Outwitting Our Nerves eBook

This eBook from the Gutenberg Project consists of approximately 322 pages of information about Outwitting Our Nerves.

This poor little woman, who suffered from a very painful back and other distressing symptoms, had been married at sixteen to a roue of forty; and, without experiencing any of the psychic feelings of sex, had been immediately plunged into the physical sex-relations.  Since sex is psycho-physical and since any attempt to separate the two elements is both desecrating and unsatisfactory; it is not surprising that misery, and finally divorce, had been her portion.  Another equally unpleasant experience had followed, and the poor woman in the strain and disappointment of her love-life, and in the lowering of the thresholds pertaining to this thwarted instinct, had unconsciously lowered the thresholds to all physical stimuli, until she was no longer master of herself in any line.  When she saw the reason for her exaggerated reactions, she was able to gain control of herself, and to find outlet in other ways.

Too many persons fall into the way of being disturbed by noises which are no concern of theirs.  As nurses learn to sleep through all sounds but the call of their own patients, so any one may learn to ignore all sounds but those which he needs to hear.  Connection with the outside world can be severed by a mental attitude in much the same way as this is accomplished by the physical effect of an anaesthetic.  Then the usual noises, those which the subconscious recognizes as without significance, will be without power to disturb.  The well-known New York publisher who spent his last days on his private yacht, on which everything was rubber-heeled and velvet-cushioned, thought that he couldn’t stand noises; but how much more fun he would have had, if some one had only told him about thresholds!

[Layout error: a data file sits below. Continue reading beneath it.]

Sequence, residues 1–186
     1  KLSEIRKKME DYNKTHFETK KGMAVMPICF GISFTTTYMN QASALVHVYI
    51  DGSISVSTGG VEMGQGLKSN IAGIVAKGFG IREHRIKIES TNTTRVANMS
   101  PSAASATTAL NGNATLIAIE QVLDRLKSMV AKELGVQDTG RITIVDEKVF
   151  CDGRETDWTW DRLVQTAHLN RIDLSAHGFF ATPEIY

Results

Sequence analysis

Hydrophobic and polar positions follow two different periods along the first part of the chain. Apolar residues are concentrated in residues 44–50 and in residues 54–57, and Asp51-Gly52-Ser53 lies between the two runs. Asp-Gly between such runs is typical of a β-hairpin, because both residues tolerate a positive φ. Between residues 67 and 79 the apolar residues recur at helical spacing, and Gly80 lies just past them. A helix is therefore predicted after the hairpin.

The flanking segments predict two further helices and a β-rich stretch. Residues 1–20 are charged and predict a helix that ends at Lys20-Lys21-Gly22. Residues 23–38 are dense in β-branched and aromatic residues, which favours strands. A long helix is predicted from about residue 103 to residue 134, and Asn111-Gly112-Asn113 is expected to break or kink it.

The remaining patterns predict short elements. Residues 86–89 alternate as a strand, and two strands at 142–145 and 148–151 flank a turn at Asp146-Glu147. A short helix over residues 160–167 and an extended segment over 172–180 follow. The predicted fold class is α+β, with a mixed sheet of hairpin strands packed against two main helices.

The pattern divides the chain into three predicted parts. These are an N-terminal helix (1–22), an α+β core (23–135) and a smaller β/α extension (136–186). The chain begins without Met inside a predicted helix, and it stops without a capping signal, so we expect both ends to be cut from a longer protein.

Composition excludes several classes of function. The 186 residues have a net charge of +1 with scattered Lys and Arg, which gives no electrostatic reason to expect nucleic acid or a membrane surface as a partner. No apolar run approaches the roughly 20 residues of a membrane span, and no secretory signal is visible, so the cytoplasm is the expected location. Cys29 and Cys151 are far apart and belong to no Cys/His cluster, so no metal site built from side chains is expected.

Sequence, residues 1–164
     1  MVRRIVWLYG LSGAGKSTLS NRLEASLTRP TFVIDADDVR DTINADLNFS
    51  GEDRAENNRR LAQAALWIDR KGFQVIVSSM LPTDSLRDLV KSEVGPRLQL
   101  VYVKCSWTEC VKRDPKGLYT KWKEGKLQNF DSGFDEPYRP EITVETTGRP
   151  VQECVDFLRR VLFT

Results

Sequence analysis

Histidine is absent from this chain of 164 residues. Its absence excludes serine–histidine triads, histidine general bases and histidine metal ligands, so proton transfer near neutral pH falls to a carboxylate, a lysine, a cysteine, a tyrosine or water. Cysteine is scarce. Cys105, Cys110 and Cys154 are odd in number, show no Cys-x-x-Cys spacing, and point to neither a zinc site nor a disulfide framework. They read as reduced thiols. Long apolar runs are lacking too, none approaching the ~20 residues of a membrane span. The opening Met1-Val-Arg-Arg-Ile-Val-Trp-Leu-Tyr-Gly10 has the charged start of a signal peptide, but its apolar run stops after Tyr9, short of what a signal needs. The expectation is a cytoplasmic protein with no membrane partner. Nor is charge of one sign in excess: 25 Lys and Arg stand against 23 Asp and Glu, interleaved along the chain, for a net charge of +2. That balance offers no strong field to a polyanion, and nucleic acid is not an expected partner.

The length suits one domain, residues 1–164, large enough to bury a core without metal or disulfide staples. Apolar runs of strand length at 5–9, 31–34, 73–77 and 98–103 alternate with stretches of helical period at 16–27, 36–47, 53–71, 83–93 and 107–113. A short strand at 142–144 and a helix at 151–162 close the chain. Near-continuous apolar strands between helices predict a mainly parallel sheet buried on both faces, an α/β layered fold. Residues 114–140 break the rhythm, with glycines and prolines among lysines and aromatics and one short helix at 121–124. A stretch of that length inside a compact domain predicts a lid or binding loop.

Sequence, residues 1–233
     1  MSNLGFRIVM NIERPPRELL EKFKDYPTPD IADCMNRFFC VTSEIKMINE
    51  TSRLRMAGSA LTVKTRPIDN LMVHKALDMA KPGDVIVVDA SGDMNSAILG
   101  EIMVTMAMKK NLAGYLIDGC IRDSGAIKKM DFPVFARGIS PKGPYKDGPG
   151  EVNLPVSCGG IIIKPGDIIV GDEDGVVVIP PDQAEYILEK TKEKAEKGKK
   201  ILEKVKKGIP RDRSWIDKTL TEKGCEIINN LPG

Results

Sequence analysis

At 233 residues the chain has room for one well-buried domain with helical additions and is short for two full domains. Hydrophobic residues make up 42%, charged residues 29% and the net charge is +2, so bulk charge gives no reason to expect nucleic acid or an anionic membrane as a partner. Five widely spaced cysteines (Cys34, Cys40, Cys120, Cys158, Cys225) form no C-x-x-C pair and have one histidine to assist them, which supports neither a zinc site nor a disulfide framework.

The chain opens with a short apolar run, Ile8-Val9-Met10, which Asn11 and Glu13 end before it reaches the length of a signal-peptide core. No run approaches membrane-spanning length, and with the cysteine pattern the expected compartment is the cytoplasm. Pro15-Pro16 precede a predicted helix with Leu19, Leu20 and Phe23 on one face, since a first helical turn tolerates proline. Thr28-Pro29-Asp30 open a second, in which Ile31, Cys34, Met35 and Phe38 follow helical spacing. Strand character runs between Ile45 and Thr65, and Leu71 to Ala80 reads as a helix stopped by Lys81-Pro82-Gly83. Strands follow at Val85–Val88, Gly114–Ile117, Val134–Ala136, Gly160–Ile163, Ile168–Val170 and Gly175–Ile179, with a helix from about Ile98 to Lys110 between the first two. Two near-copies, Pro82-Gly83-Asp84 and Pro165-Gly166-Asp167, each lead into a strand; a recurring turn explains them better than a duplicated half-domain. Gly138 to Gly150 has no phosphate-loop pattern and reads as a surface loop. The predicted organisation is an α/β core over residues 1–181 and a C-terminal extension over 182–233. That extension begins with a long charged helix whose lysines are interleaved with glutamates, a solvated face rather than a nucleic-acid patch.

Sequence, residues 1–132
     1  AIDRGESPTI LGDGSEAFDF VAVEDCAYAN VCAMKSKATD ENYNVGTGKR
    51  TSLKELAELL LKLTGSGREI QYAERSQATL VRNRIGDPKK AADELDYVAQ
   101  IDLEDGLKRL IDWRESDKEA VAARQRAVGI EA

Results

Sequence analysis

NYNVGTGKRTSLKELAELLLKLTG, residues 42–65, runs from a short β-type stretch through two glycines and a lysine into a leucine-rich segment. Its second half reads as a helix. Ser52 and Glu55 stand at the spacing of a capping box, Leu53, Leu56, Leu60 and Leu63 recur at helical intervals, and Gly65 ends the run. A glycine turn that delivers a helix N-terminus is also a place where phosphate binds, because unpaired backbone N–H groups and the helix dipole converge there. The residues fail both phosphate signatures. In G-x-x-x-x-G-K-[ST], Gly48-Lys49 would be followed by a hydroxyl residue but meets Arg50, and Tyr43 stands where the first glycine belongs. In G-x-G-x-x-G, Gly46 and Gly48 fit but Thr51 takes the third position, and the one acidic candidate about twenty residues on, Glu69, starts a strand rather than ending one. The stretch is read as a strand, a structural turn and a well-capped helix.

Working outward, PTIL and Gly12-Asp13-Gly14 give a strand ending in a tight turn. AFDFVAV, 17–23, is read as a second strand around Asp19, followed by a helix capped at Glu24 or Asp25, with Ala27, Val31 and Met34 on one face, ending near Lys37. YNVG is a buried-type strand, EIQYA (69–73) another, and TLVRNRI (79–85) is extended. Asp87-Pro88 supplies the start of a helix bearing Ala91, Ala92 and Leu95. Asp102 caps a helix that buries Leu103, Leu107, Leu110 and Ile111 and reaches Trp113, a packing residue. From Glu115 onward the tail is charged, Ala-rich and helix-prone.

There are two kinds of people in the world,—­masters and puppets.  There is the man in control of his thresholds, at leisure from himself and master of circumstance, free to use his energy in fruitful ways; and there is the over-sensitive soul, wondering where the barometer stands and whether people are going to be quiet, feeling his feelings and worrying because no one else feels them, forever wasting his energy in exaggerated reactions to normal situations.

This “ticklish” person is not better equipped than his neighbor, but more poorly equipped.  True adjustment to the environment requires the faculty of putting out from consciousness all stimuli that do not require conscious attention.  The nervous person is lacking in this faculty, but he usually fails to realize that this lack places him in the class of defectives.  A paralyzed man is a cripple because he cannot run with the crowd; a nervous individual is a cripple, but only because he thinks that to run with the crowd lacks distinction.  Something depends on the accident of birth, but far more depends on his own choice.  Understanding, judicious neglect of symptoms, whole-souled absorption in other interests, and a good look in the mirror, are sure to put him back in the running with a wholesome delight in being once more “like folks.”

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Outwitting Our Nerves from Project Gutenberg. Public domain.
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